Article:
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(Topic ID: 148999)

Who Dunnit Prototype?


By PinballWizard101

4 years ago



Topic Stats

  • 13 posts
  • 9 Pinsiders participating
  • Latest reply 4 years ago by xTheBlackKnightx
  • No one calls this topic a favorite

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#1 4 years ago

I recently picked up a nice Who Dunnit and when I got it home and started really looking it over I noticed the playfield was a bit different then others. The main difference is the inserts along the left side. Mine spells out C L U E where all the other ones spell out T A X I. Also all the boards on the playfield are maroon/reddish in color. The game also has the printer interface board in it. Not sure how uncommon that is. And the last thing I noticed it the instruction card is different then all the others I have seen. It references the spelling of C L U E , not T A X I. Any feedback on this would be great. If this is a prototype what does it do to the value of the game and would it hurt its value to mod it in any way? I had thought about LEDs and maybe adding some extra lights to it. I have uploaded some pictures to show the differences.

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#4 4 years ago

It's a prototype, the red light boards give it away. Different inserts sometimes are also a common difference. Printer interface boards are not common in production machines, but some operators used them for audits.

Prototypes are desirable to some, but unless their were additional game features not available in production games, this does not mean the game is made "out of gold".
Who Dunnit is B title game that is not overly collectible, although still fun. The machines looks to be in good shape, so that's a perk.

Non permanent mods is not going to change or hurt the value.

#5 4 years ago

W?D fun game. your sn#17 defiantly an early game. good luck with it. enjoy and play the hell out of it!

#6 4 years ago
Quoted from xTheBlackKnightx:

It's a prototype, the red light boards give it away.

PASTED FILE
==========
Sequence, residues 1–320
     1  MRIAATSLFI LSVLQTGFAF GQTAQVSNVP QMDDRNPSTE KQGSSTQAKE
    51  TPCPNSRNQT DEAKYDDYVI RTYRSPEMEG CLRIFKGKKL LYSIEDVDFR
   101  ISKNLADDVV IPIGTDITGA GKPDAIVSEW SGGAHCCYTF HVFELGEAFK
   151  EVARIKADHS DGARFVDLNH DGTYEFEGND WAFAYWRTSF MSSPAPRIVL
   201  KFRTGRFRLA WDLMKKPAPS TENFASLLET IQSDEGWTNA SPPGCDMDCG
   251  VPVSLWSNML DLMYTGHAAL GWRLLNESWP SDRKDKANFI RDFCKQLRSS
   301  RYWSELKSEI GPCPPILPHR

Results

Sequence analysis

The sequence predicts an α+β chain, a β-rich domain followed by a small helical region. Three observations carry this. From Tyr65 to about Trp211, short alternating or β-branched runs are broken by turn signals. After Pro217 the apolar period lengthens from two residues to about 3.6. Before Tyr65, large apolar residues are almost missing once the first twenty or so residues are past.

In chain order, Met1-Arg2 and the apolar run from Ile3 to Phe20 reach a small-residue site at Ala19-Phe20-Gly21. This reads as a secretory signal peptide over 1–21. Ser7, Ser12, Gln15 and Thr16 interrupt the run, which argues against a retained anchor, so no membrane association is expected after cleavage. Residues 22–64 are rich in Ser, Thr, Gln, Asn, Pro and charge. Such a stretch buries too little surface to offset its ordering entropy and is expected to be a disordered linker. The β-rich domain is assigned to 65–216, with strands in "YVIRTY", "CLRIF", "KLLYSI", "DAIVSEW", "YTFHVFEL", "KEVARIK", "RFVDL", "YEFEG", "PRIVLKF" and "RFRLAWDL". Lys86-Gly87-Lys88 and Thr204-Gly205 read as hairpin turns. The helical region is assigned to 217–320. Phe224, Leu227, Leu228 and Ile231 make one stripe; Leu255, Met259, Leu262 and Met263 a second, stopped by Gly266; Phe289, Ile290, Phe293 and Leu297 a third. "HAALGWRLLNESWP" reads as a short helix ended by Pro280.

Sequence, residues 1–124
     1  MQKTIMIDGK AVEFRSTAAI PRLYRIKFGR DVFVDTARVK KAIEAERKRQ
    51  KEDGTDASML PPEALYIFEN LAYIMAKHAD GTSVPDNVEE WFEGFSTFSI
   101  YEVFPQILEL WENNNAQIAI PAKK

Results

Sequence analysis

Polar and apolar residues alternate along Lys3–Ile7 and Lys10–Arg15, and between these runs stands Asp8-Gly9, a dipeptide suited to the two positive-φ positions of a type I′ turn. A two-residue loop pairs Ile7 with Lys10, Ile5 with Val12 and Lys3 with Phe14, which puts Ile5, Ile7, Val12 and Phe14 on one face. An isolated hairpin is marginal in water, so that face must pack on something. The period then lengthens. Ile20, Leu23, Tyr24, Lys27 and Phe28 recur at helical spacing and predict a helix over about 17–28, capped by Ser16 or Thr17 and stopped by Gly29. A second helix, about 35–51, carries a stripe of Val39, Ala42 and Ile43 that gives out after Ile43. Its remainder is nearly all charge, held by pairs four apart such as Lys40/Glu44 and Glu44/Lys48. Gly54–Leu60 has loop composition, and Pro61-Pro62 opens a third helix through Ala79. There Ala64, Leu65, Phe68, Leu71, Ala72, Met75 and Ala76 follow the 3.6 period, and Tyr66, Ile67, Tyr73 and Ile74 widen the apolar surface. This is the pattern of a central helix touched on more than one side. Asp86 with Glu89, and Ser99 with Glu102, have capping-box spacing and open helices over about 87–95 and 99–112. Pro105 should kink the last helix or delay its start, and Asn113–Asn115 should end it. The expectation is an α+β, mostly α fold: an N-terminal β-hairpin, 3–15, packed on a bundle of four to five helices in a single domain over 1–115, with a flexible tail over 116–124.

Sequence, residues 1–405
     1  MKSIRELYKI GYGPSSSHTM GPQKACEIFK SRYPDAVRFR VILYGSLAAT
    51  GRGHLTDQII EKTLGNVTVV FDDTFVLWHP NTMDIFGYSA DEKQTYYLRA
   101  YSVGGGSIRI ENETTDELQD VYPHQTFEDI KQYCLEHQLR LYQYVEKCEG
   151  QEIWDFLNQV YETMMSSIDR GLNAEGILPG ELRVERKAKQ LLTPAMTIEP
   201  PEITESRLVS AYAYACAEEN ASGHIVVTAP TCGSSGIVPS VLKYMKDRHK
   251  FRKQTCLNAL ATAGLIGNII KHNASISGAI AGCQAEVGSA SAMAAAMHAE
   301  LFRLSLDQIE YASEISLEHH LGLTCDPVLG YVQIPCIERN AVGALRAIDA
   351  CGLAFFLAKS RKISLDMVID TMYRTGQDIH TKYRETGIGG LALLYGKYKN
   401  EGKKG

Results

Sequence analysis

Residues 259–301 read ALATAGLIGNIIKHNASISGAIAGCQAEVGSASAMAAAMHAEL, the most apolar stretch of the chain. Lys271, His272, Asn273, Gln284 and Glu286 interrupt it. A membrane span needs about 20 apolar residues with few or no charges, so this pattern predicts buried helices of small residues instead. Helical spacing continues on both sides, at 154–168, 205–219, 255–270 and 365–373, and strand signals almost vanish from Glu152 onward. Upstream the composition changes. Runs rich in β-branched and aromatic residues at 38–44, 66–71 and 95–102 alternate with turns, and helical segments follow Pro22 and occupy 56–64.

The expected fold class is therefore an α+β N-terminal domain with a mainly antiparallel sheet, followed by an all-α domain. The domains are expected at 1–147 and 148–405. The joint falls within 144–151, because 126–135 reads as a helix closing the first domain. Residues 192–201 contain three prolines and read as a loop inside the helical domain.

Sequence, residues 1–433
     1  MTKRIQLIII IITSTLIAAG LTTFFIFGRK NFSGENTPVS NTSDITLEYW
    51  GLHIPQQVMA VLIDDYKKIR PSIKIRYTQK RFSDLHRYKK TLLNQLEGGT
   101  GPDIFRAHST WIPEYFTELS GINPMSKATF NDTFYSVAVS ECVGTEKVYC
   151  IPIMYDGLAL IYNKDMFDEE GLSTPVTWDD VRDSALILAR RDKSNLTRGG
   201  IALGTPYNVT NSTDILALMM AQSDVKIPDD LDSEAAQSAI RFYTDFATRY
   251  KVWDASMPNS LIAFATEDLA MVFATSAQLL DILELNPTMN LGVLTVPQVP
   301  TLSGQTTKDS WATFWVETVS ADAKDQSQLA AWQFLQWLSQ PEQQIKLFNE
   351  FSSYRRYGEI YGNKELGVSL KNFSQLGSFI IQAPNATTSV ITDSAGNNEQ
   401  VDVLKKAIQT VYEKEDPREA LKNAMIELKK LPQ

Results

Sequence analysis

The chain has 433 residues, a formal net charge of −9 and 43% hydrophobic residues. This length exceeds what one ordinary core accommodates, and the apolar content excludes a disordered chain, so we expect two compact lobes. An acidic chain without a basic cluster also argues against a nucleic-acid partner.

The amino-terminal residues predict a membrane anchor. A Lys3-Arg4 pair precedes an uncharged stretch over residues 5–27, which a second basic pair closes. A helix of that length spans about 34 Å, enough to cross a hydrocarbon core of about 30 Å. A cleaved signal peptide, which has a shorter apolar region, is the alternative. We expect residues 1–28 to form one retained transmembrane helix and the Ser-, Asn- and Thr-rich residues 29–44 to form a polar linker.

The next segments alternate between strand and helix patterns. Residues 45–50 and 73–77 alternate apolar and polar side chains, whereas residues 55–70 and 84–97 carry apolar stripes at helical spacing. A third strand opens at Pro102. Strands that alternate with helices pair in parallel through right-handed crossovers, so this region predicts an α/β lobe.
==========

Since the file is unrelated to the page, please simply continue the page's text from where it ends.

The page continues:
Wasn't B/W known for using left over prototype red boards in early sample games?

#7 4 years ago

I had a who dunnit prototype as well cool game congrats on the score

#8 4 years ago
Quoted from dung:

Wasn't B/W known for using left over prototype red boards in early sample games?

From what I've heard that's correct, I've seen the red boards in games I was told were samples, not prototypes.

The other reference on this one is the CLUE inserts. I'm not sure when those were changed to TAXI, but if that was done before the samples then it'd be the give away.

#9 4 years ago

I'm always interested in why the changes were made. I.E. What was the reason to change the target name. In testing the machines did people say they were confused by the verbiage?

#10 4 years ago
Quoted from ChrisS:

I'm always interested in why the changes were made. I.E. What was the reason to change the target name. In testing the machines did people say they were confused by the verbiage?

IIRC the change was due to copyright issues with the Clue boardgame/movie.

#11 4 years ago

Too cool! I always wondered where the right ramp originally diverted to.

#12 4 years ago

I always thought they meant to put in a working roulette wheel in the upper right too.
Any truth to that?

#13 4 years ago
Quoted from dung:

Wasn't B/W known for using left over prototype red boards in early sample games?

"Sometimes", but not necessarily.
Dependent on the timing started for production. Sample games were rebuilt with standard boards if problems were identified, or if features were changed or removed. Otherwise, yes, they were sold out to operators or provided at discounts for support of testing.

Sample and prototype games many times are the same thing, as they were used for the same purposes after creation. Meaning protos turned into samples "on the route" for testing.

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